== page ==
“The cumulative development that surrounds us is a very big concern to me and many of my neighbors,” said Myra Kriwanek, who has lived on the bluffs for over 25 years. “So there is definitely a need for more responsible development that does not negatively impact our quality of life.”

The Entrada Tower project site — a proposed 12-story, 176-foot-high office complex next to the Radisson Hotel — that is in Culver City, but within a few feet of the Los Angeles border, would be in direct view of many of the hilltop residents in Westchester. Kriwanek and many of her neighbors say that the tower would obstruct the northern view of many of those who live in the bluffs, which was a prime reason that some purchased homes there more than three decades ago.

“It’s really starting to look like an oasis surrounded by development,” Kriwanek lamented. “And it’s getting more difficult to get off.”

In the original proposal, the development, which was approved by Culver City in April, had been projected to reach 220 feet, with 13 stories above nine levels of parking, seven of which would be subterranean. A group of homeowners from Culver City, Westchester, Del Rey and Ladera Heights formed a public interest group called the United Neighbors of the Westside and filed a lawsuit to stop the Entrada Tower project. The case is scheduled to be heard early next year.

Rosendahl says he sympathizes with his bluff constituents.

“We’re getting bombarded on all sides in Westchester,” he noted. “Developers must realize that they must be sensitive to the community’s concerns as well as building a project that is economically feasible and beneficial to the community.” Rosendahl realizes that the master plan does entitle the developer to a variety of planning uses that they were approved 22 years ago.

“There are certain entitlements that have been granted,” the councilman acknowledged. “But I’m going to be very conservative in my approach to anything that seems out of the ordinary with this project.”

The fact that the master plan for the commercial and entertainment center was approved over two decades ago is something that Rosendahl says he will take into consideration before the matter gets to the council.

“The world has changed since 1986,” Rosendahl said. “The kind of gridlock that exists now is much worse than it was in 1986, so there has to be some consideration and some sensitivity on the part of the developer.”

Kriwanek says that she has seen the changes in traffic congestion over the years and is worried what years of construction and additional car trips can take a toll not only on an already heavily traveled intersection like Sepulveda Boulevard and Centinela Avenue but on the local infrastruc- ture as well.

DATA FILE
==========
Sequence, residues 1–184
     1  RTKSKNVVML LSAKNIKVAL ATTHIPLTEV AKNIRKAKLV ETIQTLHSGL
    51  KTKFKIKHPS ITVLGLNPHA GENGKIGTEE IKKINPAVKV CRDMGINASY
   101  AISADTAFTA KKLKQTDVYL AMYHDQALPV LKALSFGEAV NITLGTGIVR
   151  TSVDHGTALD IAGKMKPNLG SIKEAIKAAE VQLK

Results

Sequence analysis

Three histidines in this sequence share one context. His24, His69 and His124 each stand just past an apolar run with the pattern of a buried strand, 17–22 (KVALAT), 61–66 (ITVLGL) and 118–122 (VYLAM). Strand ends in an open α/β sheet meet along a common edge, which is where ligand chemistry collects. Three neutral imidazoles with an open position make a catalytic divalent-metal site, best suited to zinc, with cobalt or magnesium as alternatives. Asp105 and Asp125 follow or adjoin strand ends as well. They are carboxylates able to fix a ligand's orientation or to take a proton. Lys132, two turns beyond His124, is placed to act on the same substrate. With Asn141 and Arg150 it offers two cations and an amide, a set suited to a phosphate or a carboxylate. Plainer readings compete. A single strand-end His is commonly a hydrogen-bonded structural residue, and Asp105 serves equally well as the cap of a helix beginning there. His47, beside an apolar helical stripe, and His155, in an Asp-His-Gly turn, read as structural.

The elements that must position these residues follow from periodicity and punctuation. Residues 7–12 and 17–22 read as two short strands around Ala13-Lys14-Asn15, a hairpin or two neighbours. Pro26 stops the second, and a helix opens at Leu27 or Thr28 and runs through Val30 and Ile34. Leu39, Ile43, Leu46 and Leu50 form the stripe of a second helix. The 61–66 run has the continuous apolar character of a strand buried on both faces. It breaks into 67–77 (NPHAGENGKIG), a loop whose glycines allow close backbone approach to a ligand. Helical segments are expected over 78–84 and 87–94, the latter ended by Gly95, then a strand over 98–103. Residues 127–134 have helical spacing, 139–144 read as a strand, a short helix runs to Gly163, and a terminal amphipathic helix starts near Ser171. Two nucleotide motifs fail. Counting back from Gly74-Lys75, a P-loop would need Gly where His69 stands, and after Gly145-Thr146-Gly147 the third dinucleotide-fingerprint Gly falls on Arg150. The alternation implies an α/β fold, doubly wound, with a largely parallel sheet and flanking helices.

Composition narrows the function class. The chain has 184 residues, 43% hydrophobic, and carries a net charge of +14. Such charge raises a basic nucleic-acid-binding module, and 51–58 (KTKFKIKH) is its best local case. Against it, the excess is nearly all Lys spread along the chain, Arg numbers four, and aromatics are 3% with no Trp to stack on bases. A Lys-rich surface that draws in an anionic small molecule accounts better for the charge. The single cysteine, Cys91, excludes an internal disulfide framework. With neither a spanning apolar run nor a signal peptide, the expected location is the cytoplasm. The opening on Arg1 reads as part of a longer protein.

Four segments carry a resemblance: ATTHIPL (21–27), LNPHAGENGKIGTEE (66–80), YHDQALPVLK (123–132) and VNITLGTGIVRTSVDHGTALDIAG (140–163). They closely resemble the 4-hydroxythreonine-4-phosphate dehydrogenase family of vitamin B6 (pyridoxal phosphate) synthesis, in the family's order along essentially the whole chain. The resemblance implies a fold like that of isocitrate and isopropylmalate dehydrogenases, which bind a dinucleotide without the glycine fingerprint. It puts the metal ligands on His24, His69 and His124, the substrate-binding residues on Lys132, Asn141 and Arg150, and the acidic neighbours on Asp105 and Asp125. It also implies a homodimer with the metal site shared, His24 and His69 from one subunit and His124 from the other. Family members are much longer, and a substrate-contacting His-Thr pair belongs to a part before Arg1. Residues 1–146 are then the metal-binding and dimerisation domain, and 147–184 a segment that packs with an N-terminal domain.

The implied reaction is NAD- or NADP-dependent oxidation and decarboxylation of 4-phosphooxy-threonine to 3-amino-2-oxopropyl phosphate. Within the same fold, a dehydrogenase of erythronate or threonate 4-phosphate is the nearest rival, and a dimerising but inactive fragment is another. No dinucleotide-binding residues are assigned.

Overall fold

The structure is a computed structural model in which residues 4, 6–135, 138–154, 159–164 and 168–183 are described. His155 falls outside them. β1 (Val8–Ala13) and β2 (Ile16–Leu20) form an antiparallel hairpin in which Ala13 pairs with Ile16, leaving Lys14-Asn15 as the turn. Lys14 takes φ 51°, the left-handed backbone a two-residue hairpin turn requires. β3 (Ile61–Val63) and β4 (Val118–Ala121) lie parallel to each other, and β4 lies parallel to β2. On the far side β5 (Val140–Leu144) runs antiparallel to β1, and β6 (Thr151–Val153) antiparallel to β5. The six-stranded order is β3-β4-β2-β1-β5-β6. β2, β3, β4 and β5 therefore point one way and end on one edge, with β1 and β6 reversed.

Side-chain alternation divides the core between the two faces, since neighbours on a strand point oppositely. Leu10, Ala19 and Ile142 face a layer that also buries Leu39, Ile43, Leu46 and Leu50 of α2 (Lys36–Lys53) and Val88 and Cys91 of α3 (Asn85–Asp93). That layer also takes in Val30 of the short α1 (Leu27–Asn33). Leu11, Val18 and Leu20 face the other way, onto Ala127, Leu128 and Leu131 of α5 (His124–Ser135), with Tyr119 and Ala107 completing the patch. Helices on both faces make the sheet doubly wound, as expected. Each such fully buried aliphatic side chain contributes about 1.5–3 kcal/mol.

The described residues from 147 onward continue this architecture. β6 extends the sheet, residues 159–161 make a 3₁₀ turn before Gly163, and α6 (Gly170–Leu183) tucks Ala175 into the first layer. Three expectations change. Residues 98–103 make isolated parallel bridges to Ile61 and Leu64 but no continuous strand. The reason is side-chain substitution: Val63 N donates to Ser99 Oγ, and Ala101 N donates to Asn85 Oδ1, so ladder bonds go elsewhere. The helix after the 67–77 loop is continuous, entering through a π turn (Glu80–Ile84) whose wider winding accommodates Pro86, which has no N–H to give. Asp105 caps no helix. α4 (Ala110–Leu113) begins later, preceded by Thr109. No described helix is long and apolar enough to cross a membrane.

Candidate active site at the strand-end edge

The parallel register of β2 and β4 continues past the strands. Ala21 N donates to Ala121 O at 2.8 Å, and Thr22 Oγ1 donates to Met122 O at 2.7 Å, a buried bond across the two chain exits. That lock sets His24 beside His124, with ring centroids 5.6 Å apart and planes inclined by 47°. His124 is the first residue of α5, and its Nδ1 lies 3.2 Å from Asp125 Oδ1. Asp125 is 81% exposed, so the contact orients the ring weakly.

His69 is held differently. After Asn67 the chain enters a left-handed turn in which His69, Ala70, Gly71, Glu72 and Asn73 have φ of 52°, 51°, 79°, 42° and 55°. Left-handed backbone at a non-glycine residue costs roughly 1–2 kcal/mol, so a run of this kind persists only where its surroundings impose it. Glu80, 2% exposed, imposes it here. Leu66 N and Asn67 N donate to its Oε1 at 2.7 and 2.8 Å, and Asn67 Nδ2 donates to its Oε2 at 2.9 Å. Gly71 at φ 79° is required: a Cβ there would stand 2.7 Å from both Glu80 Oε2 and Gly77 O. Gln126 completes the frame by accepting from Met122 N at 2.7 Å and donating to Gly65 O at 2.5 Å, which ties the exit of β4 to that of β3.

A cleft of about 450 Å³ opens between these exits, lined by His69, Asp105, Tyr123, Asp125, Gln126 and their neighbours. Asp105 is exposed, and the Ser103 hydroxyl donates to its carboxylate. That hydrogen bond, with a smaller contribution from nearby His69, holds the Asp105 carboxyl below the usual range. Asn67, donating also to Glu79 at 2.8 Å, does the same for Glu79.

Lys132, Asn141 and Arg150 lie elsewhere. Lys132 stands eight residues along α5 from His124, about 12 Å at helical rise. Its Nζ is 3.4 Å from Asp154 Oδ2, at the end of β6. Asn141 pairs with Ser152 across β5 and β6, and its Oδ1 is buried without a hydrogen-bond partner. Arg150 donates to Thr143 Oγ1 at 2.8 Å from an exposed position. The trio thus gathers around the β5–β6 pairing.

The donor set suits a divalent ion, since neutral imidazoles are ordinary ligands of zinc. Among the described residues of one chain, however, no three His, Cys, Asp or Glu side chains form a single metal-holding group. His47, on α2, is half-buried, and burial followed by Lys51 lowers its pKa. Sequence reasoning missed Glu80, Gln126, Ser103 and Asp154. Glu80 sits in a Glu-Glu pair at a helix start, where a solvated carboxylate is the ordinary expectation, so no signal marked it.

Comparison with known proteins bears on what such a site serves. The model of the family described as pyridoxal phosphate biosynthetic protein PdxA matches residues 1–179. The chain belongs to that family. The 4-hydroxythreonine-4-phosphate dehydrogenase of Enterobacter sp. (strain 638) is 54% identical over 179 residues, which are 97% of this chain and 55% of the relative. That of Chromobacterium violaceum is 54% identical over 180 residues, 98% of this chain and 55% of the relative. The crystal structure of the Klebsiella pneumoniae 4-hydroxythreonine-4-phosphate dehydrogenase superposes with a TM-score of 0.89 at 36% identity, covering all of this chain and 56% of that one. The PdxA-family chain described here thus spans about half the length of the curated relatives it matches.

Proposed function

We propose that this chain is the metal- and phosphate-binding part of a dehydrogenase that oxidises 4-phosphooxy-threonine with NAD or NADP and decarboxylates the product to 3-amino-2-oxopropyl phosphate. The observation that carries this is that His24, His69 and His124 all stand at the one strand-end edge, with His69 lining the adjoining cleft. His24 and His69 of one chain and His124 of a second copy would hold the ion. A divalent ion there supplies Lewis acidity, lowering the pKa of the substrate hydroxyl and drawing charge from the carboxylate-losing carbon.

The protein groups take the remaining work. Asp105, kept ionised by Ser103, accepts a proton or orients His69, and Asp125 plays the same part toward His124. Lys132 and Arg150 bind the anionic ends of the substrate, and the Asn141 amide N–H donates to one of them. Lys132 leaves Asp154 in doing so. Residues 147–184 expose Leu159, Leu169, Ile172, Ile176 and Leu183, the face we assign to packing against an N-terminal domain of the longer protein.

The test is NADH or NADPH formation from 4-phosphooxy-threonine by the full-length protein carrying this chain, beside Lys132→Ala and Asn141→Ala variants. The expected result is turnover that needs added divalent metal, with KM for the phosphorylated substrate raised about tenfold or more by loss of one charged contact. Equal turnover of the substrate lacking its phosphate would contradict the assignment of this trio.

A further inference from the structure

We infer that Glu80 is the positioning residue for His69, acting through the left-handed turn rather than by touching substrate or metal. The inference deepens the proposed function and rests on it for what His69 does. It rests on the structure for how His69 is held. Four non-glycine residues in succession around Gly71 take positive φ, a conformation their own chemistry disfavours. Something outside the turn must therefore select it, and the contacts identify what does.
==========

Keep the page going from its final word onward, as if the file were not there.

“Traffic was considered a negative impact then and it has only increased since then,” she said.

Rosendahl says he will be meeting soon with all community groups and the developer to ascertain what will be best, not only for potential shoppers, employees and residents of the center, but for those who live in Westchester and travel through the community as well.

“All of us are impacted by this,” he said. “We will examine this process very closely and take it one issue at a time.

“I can promise everyone that I will be watching this project like a hawk.”

Gore believes that the potential for economic opportunities is a noteworthy component to the project.

“[The new additions] would bring in jobs that could stimulate the local economy,” Gore said.

Equity Office officials have touted the fact that the project would bring additional housing units to the area, which Rosendahl concedes is a very important necessity on the Westside.

“More housing is always a plus,” he said.

Equity Office has pledged to keep homeowners and business interests involved throughout the planning stages as well.

“We will continue to do community outreach throughout the project,” said Keith Anderson, a vice president with Equity Office.

Kriwanek is happy that Rosendahl has promised to stay involved.

“We look forward to working with the councilman, who has shown us in the past that he has the community’s best interests in mind,” said Kriwanek.

Calls to Elizabeth Camacho, the attorney representing Equity, had not been returned at Argonaut press time.